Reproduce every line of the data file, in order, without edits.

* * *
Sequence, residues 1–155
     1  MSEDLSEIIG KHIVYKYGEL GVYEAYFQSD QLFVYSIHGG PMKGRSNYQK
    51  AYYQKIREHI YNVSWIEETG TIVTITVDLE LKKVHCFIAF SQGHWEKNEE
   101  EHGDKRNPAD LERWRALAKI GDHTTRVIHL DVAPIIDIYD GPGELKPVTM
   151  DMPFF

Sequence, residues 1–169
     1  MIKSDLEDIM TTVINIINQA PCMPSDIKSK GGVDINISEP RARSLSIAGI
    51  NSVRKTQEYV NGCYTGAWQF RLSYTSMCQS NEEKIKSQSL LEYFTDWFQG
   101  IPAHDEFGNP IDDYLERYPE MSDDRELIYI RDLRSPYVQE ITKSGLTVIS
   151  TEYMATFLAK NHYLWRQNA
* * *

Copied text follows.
Sequence, residues 1–155
     1  MSEDLSEIIG KHIVYKYGEL GVYEAYFQSD QLFVYSIHGG PMKGRSNYQK
    51  AYYQKIREHI YNVSWIEETG TIVTITVDLE LKKVHCFIAF SQGHWEKNEE
   101  EHGDKRNPAD LERWRALAKI GDHTTRVIHL DVAPIIDIYD GPGELKPVTM
   151  DMPFF

Sequence, residues 1–169
     1  MIKSDLEDIM TTVINIINQA PCMPSDIKSK GGVDINISEP RARSLSIAGI
    51  NSVRKTQEYV NGCYTGAWQF RLSYTSMCQS NEEKIKSQSL LEYFTDWFQG
   101  IPAHDEFGNP IDDYLERYPE MSDDRELIYI RDLRSPYVQE ITKSGLTVIS
   151  TEYMATFLAK NHYLWRQNA